Does team chemistry matter?
Team chemistry is thought of as some unknown quality. Good teams have it, bad teams don’t. For some it’s an enhancement. And others, it’s an excuse.
But how important is it, really? Do we over-blow the importance of chemistry because there’s no number behind it, and most claims can’t be totally refuted?
Writing for Wired, former NHL defenseman Bret Hedican explained the importance of team chemistry to winning the Stanley Cup.
What happens typically, before the season begins, is a meeting with all the players, staff and coaches the day before training camp begins. It’s usually conducted by the team’s general manager — the architect of that particular team. During the meeting, he’ll instruct everyone in the room that this is The Year, and that he has hand picked every guy in that room to do the job.
Although every team’s GM will say something to that effect, it’s only a handful of teams that will have the proper ingredients to make a serious run at the Stanley Cup. What are those ingredients? Sometimes it can be an elusive mixture, and most successful teams I played on excelled in all the usual basics: Coaching, on-ice leadership, veterans, systemic accountability, four quality lines, defense and goaltending.
But if winning teams have all those ingredients, then what separates the winners from the losers? That’s where chemistry comes in.
Really, that’s the most mysterious ingredient to put a finger on. If you knew how to manufacture team chemistry, you would bottle it and quit your job in a second. For a glimpse of what real chemistry can do, look back to last season’s Eastern Conference champion and Stanley Cup runner-up Philadelphia Flyers, who came from the brink of missing the playoffs to losing in overtime of Game 6 of the finals, a lone game away from every player’s boyhood dream.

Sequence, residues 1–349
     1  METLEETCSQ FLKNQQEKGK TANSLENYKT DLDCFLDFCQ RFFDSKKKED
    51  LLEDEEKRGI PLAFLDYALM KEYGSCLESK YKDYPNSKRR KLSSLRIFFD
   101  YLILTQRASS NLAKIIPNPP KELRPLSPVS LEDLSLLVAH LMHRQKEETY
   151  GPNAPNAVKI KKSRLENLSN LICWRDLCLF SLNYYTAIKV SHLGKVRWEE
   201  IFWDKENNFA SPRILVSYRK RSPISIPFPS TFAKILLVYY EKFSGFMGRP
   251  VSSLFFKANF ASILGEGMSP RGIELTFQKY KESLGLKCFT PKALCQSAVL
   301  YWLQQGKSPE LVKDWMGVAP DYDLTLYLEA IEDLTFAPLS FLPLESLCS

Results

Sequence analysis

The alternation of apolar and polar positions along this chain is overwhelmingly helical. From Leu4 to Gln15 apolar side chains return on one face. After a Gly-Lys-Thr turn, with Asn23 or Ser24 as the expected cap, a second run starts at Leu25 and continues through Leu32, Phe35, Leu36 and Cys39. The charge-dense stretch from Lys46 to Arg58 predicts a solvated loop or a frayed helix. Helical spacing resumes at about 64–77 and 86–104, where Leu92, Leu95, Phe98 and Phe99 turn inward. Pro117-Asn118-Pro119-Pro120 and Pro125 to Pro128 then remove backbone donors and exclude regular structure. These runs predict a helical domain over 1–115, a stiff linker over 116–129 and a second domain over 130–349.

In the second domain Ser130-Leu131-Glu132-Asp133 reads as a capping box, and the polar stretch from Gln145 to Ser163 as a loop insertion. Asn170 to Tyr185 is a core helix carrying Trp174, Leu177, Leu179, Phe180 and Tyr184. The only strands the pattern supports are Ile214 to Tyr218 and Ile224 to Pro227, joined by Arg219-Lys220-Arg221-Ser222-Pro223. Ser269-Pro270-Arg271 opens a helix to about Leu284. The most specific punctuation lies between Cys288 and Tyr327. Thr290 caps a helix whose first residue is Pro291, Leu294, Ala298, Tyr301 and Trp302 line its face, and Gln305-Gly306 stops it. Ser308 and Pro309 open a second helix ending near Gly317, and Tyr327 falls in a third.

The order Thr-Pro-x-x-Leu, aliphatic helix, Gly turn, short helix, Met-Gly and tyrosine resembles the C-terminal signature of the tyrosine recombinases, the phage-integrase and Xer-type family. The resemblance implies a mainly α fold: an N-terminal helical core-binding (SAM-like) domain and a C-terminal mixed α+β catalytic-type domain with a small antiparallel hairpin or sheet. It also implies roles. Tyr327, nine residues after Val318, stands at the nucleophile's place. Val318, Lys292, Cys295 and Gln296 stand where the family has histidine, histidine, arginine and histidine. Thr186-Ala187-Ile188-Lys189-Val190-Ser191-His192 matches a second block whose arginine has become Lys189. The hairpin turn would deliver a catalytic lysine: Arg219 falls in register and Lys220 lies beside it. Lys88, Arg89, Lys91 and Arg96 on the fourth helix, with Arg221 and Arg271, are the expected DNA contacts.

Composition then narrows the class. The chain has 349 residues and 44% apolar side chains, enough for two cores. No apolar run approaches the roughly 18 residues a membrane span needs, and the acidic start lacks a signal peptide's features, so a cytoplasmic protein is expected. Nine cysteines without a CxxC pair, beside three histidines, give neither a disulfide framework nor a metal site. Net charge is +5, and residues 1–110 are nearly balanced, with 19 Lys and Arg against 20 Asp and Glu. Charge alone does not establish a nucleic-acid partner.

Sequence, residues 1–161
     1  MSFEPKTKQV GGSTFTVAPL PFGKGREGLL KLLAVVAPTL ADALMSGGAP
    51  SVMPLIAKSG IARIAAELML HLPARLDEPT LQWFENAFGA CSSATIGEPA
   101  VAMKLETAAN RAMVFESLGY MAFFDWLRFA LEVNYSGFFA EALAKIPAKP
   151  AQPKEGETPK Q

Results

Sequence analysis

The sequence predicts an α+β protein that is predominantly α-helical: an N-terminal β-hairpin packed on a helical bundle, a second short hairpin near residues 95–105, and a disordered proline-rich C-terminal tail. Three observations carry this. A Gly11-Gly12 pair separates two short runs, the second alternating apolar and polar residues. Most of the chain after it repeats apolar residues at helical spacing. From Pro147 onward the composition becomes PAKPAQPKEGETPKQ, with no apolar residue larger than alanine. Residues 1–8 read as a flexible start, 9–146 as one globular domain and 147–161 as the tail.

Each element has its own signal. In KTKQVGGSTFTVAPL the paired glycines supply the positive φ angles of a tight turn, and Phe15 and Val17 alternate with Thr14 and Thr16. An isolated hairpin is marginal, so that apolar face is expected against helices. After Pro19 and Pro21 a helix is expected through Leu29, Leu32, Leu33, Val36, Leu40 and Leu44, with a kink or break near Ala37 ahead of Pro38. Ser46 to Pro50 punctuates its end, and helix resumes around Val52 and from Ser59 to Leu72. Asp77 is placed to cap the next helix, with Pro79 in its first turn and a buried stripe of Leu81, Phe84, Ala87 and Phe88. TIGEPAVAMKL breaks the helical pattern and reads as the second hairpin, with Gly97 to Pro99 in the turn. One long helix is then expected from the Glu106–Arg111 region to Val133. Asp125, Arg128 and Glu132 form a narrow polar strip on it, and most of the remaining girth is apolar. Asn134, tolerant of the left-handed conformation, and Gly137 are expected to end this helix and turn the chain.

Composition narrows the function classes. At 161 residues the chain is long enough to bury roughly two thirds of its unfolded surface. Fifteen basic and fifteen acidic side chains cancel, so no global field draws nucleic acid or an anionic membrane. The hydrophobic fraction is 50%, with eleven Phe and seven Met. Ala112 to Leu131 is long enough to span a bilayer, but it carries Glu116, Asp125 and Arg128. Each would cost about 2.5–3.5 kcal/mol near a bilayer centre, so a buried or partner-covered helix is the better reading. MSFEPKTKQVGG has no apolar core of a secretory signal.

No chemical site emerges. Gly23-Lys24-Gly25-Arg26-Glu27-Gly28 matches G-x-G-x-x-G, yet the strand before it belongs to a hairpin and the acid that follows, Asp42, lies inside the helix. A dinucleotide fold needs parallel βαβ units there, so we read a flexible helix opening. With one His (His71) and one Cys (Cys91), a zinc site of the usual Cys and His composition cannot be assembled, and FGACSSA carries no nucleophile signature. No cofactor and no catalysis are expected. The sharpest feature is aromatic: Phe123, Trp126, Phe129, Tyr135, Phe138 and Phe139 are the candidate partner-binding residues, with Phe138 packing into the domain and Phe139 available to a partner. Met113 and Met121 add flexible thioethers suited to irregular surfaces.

But considering how the Flyers started off the season, to even be that close to hockey’s ultimate prize was once inconceivable. Philadelphia had high expectations when October 2009 rolled around, and after a number of players underperformed from the season’s start, the Flyers decided toÂ make a coaching change.
They brought in Peter Laviolette, who coached the 2006 Stanley Cup champion Carolina Hurricanes as well as the ’06 U.S. Olympic team that competed in Turin, Italy. He was hired after the Flyers had just lost six of seven games and stood at ninth place in the Eastern Conference with a 13-11-1 record.
It didn’t get much better for Laviolette’s first 10 games as Flyers coach, posting a 2-7-1 record. So what triggered his team’s turnaround? Certainly, there were several factors involved, but what made the difference was Laviolette’s implementation of players’ respect for one another, because it’s only once you have that respect that the chemistry follows.
How did he do this? Well, I first want to look back at 2006, when Laviolette coached me to my only Stanley Cup championship. Before that season, in the fall of 2005, he took all of us as far away from a hockey rink as could be. We found ourselves in the middle of nowhere, climbing trees and dangling from a ropes course, helping our teammates navigate from the bottom of these trees and from one side to the other.